EU rights under a Conservative majority

2019 General Election and its impact on EU citizens

It happened. Conservatives won the 2019 general elections sanctioning a landslide victory, their best result in the voting history since Margaret Thatcher. The Conservative party have secured 368 seats over 650, whilst the leader of the Labour Party Jeremy Corbyn obtained only 191, recording a worse than expected result.

Such a majority in Parliament would allow Conservatives to realise that much sought-after Brexit they have been chasing since the 2016 referendum.

If the Brexit agreement negotiated with Brussels is approved by Parliament, the UK will leave the EU on 31st of January 2020.

More importantly, Boris Johnson now has the green light in the negotiation to define the future relationship between UK and Europe: this may result in a “Hard Brexit”, in which the regulations regarding free movement of goods, people and the customs union, currently in vigour within EU Member States, may change significantly.

What does this mean for the 3.6 million EU citizens currently living in the UK?

Even if Brexit takes place in January, the transitional period of 11 months already agreed with the EU will be triggered.

Until then, the principles of free movement of goods, people, capital and services will remain in force, as if the UK was still a Member State of the EU. For this reason, nothing will happen to EU citizens currently residing in the UK in the imminent future.

Those who have been living in the UK for more than 5 years could use this transitional period to request the residence permit, “settled status”, which allows the EU citizen to stay in the UK indefinitely.

Those who, on the other hand, have been residing in the UK for less than 5 years will be able to request “pre-settled status”, which will be valid until the 5 years deadline, after which time, an application for settled status must be made.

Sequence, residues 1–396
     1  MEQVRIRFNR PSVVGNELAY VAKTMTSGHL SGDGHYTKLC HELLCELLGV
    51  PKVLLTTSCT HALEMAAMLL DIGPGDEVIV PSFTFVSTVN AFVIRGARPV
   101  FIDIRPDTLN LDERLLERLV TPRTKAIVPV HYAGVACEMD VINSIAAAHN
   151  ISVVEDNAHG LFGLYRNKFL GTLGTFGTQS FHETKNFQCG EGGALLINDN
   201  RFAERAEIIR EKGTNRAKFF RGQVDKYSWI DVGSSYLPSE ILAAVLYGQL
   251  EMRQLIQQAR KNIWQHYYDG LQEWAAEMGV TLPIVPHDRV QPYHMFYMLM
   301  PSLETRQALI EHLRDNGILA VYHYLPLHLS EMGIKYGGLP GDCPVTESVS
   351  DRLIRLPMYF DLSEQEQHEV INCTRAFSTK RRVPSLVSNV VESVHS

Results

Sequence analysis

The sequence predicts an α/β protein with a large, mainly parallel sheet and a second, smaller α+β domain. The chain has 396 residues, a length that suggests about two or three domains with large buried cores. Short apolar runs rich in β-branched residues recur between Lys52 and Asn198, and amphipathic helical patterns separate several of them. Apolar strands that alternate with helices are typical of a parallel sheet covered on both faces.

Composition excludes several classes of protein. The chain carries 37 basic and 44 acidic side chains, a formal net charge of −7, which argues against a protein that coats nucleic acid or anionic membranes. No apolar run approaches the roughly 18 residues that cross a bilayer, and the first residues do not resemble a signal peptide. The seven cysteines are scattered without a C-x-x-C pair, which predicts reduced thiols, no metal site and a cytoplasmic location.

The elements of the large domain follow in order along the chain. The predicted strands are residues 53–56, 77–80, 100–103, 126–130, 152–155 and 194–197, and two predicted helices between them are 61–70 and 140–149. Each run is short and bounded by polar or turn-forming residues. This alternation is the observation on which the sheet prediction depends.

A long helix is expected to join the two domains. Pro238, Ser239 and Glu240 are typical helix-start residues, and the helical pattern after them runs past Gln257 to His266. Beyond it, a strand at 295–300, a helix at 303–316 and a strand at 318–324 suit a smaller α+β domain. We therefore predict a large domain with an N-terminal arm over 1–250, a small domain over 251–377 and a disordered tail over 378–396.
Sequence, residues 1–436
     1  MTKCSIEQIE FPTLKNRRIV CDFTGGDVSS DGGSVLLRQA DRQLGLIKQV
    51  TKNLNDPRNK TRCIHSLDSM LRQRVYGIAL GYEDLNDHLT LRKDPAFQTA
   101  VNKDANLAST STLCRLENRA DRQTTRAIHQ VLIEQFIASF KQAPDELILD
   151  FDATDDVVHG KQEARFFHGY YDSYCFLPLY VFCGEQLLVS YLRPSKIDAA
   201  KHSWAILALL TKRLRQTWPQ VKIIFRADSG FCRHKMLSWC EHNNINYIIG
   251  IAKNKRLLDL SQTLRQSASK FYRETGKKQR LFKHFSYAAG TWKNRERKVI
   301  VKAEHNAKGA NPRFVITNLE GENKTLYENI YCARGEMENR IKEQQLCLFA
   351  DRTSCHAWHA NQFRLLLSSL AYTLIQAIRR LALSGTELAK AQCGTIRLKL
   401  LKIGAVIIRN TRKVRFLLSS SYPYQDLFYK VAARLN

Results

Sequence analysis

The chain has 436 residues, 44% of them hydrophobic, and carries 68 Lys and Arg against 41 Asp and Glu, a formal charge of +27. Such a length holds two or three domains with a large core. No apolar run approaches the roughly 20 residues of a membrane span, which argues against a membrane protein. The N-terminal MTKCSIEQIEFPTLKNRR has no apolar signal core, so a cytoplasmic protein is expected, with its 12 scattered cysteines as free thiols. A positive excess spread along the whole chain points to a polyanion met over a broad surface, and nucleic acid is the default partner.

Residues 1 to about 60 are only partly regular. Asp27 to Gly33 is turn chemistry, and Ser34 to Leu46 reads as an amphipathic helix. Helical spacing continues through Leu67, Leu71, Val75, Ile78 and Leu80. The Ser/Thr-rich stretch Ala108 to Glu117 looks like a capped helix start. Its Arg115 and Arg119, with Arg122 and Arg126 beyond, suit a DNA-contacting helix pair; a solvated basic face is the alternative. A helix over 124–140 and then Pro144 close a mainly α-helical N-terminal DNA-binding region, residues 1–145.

The Deputy Minister for Security Brandon Lewis has declared that foreign citizens not registered within the transitional period will be subject to the UK immigration laws already in place: they will be considered “unwanted”, without the right to reside, prosecutable in the country and subject to enforcement measures.

After the passing of the transitional period, those who wish to emigrate to the UK will be subject to the domestic UK immigration rules. Stricter measures will need to be met, which include qualifying as skilled workers. Those who are not qualified may need an employment contract in place before coming to the UK and may only be allowed to stay for a rather limited period. Qualified workers, on the other hand, will be able to obtain a working visa, which will allow them to get resident permit during this time.

Rules will also change for those who wish to visit the UK, as prior permission to enter the country will need to be obtained.

How can we help?

At NA Law Solicitors, we are experienced and specialise in all immigration matters. If you are an EEA citizen and confused about Brexit, we can help you navigate your way to determine which settlement scheme is best.

Contact us today for a free case assessment.

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